A little while outlast the tears
And hold us in derision.

What about the verbs? There are surprisingly few, and they too show us the symmetries, as well as, the visual theme and the temporal component.

Eyes that last I saw in tears
Through division
Here in death’s dream kingdom
The golden vision reappears
I see the eyes but not the tears
This is my affliction

This is my affliction
Eyes I shall not see again
Eyes of decision
Eyes I shall not see unless
At the door of death’s other kingdom
Where, as in this,
The eyes outlast a little while
A little while outlast the tears
And hold us in derision.

Notice that the verb hold (independently of its idiomatic context) has a tactile component, but also denotes stasis, a lack of change in time. And, if you remember, hold is succeeded by us, the only plural pronoun in the poem. Therefore, the poem starts in the singular past, moves through the singular present into the singular future, to outlast time within the grasp of a plural, in derision.

All four images today cut from a photo by delfi de la Rua.


Reading & Listening Recommendations

  1. Collected Poems 1909–1962, T. S. Eliot. Because how could you not.
  2. T. S. Eliot reads his The Love Song of J. Alfred Prufrock on SoundCloud. Because it’s only 4 minutes 34 seconds, and it’s him reading it. It’s an experience.
  3. A detailed biography and bibliography of T. S. Eliot found on poetryfoundation.comBecause, to quote Northrop Fyre (the same way he is quoted in the biography): “A thorough knowledge of Eliot is compulsory for anyone interested in contemporary literature. Whether he is liked or disliked is of no importance, but he must be read.”

10 responses

  1. I looked up your discussion of the zeugma, but did not see a place to comment there, so I am doing that commenting here. Perhaps I read too quickly, but my sense is (and coming at the matter from French), the zeugma can go further than the examples you offered. Below I will copy from the French Wikipedia site. I think that even without a knowledge of French, or with help from Google Translate, you’ll see what I have in mind. The citations are telling. E.g. Gide: The sellers of drinks and of love. De Maupassant: Against her closed shutters Madame Massot knits, locked up in her room and in her deafness. It is the incommensurability of the two nouns that makes the figure dynamic. The French Wikipedia site stresses “two disparate terms.” Cordially, William Eaton, Montaigbakhtinian.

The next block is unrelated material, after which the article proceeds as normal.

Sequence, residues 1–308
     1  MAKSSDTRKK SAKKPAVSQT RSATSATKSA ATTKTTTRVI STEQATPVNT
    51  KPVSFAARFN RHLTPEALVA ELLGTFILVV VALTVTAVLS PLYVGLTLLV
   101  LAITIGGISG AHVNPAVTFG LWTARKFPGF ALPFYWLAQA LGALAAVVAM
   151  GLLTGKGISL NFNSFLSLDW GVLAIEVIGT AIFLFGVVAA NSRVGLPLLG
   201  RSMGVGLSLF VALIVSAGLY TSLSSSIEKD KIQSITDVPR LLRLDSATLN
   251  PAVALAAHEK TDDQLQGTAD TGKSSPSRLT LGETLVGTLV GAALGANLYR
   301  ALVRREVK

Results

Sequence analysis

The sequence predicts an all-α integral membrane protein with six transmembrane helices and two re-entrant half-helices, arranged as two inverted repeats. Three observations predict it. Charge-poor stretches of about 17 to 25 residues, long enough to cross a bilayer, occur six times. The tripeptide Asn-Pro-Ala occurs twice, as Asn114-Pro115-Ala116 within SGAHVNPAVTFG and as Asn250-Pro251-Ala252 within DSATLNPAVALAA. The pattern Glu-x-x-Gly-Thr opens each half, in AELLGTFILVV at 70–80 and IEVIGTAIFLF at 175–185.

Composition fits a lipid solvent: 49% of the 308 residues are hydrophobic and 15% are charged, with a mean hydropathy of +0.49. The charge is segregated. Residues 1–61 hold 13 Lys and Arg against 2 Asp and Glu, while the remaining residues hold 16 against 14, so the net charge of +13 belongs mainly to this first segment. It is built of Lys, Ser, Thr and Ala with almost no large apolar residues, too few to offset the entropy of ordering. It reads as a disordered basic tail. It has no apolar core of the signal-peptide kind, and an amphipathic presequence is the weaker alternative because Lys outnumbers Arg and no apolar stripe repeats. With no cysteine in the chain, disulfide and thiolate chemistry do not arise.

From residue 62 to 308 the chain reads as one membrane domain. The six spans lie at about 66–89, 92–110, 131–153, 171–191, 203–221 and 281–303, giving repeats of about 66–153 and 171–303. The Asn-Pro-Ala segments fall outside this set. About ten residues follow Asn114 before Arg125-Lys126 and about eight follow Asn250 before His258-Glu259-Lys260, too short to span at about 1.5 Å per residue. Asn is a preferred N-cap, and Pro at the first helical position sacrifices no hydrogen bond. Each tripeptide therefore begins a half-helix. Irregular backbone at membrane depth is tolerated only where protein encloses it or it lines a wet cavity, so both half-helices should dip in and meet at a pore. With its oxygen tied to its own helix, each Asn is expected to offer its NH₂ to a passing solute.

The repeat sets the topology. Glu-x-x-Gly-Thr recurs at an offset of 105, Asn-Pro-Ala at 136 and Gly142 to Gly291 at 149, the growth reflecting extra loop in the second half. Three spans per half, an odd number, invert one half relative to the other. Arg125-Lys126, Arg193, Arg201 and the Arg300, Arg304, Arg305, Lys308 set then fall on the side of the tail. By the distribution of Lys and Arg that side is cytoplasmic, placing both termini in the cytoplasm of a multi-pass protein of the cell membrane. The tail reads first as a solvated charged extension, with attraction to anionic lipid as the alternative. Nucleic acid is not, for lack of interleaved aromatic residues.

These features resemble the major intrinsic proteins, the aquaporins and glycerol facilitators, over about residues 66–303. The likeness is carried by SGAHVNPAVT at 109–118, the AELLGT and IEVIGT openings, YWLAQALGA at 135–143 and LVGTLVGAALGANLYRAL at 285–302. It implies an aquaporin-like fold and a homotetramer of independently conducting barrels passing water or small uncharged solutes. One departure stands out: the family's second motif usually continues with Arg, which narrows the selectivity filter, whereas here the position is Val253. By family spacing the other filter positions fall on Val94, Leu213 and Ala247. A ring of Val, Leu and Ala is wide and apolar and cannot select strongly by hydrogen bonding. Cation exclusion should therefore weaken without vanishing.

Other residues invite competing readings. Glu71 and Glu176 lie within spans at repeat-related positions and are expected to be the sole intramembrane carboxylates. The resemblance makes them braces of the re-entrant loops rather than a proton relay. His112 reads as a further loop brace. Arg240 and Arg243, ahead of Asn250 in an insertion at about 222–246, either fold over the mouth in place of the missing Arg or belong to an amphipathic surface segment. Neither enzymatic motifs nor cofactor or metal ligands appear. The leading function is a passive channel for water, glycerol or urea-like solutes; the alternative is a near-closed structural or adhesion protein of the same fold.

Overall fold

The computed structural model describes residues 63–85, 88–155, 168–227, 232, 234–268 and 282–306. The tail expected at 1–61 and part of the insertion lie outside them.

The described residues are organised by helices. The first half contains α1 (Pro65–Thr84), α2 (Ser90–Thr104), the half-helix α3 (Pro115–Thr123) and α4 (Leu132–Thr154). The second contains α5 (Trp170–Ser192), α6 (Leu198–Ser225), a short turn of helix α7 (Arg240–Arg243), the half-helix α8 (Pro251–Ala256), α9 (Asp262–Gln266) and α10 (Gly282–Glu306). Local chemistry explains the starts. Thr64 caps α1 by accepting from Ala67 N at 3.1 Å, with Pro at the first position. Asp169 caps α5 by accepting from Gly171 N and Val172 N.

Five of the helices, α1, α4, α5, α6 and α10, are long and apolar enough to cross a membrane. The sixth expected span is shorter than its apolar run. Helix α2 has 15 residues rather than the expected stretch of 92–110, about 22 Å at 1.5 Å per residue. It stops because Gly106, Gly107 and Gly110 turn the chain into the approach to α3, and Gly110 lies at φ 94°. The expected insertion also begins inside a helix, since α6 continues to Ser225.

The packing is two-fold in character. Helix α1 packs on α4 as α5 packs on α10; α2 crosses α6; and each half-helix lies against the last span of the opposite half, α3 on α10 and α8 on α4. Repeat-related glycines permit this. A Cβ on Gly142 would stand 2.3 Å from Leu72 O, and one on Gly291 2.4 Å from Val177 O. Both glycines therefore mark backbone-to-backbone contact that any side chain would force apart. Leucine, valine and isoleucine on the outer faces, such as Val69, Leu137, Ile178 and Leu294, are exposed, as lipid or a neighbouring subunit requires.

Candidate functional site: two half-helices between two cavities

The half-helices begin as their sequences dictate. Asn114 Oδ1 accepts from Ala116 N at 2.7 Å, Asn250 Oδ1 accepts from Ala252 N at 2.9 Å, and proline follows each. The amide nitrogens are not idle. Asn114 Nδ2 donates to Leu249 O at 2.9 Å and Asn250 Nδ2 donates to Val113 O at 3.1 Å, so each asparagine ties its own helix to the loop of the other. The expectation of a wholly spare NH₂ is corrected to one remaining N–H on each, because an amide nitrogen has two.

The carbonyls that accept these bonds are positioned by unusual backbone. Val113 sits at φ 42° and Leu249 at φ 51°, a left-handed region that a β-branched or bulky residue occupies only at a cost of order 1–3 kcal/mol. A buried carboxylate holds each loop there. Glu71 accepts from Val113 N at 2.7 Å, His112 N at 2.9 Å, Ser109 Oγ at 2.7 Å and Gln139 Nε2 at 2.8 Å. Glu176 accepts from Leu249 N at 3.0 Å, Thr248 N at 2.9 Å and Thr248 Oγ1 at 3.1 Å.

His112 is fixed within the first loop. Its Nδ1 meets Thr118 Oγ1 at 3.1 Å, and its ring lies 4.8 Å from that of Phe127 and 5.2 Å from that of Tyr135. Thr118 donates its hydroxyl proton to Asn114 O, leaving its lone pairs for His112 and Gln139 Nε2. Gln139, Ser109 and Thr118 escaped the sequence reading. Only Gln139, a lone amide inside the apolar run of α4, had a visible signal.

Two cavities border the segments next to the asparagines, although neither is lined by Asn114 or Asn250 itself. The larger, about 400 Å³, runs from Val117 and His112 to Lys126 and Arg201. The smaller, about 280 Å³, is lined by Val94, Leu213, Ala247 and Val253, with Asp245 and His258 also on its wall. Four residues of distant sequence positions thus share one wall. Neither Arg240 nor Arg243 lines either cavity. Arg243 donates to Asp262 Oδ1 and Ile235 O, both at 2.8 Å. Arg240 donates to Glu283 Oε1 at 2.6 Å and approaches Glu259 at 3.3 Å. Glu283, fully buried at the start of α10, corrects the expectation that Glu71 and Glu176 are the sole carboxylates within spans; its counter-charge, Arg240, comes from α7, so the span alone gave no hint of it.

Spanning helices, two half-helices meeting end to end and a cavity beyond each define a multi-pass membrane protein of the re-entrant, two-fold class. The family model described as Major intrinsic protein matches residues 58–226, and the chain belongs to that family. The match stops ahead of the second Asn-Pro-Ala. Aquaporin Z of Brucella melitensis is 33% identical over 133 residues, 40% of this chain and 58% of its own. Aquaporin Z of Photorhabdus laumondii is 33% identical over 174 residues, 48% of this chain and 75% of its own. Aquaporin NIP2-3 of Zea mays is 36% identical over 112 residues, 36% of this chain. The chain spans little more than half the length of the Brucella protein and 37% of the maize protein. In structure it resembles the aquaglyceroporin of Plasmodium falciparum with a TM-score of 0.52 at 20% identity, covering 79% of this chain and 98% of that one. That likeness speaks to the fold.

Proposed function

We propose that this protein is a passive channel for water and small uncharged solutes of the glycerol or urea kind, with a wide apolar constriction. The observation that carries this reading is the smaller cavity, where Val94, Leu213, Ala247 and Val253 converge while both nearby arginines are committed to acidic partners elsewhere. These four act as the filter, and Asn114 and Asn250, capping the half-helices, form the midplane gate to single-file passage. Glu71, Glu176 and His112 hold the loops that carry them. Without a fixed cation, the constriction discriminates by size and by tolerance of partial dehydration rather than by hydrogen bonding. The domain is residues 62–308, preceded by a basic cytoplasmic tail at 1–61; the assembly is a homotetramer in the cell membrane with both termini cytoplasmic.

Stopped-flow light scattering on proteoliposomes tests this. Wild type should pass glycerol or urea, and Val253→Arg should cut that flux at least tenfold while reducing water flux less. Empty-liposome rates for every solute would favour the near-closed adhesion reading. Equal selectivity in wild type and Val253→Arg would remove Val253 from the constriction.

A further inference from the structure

Le zeugma (du grec ancien ζεῦγμα / zeûgma, « joug, lien ») est une figure de style qui consiste à faire dépendre d’un même mot deux termes disparates qui entretiennent avec lui des rapports différents, en sous-entendant un adjectif ou un verbe déjà exprimé. Il s’agit donc d’une forme d’ellipse. On distingue le zeugma syntaxique, quand le terme non répété est utilisé dans le même sens que déjà exprimé [« Il croyait à son étoile et qu’un certain bonheur lui était dû. »
    — André Gide], du zeugma sémantique, où le terme occulté est utilisé dans un sens différent de celui déjà exprimé [« Les marchands de boisson et d’amour. » — Guy de Maupassant. « Contre ses persiennes closes, Mme Massot tricote, enfermée dans sa chambre et dans sa surdité. »
    — Roger Martin du Gard]. Cette dernière figure, appelée également attelage, associe le plus souvent deux compléments d’objet, l’un de sens concret et l’autre de sens abstrait, pour un effet humoristique voire ironique. Il est proche de la syllepse de sens, de l’hendiadys, de la concaténation et de l’anacoluthe.

    Liked by 2 people

    • Thank you very much for taking the time to make such a delicate point.

      You are entirely correct that zeugma covers the cases that you suggest, including “two disparate terms”.

      On my page Definitions: figures of speech, I include two separate figures, zeugma, and a type of zeguma called syllepsis. In particular, I say that zeugma is A figure by which a word is made to refer to more than one other word in the same sentence. A syllepsis is a type of zeugma, where the governing word is applied in different senses. I then link to syllepsis on the same page where I give examples similar to the De Maupassant and Gide.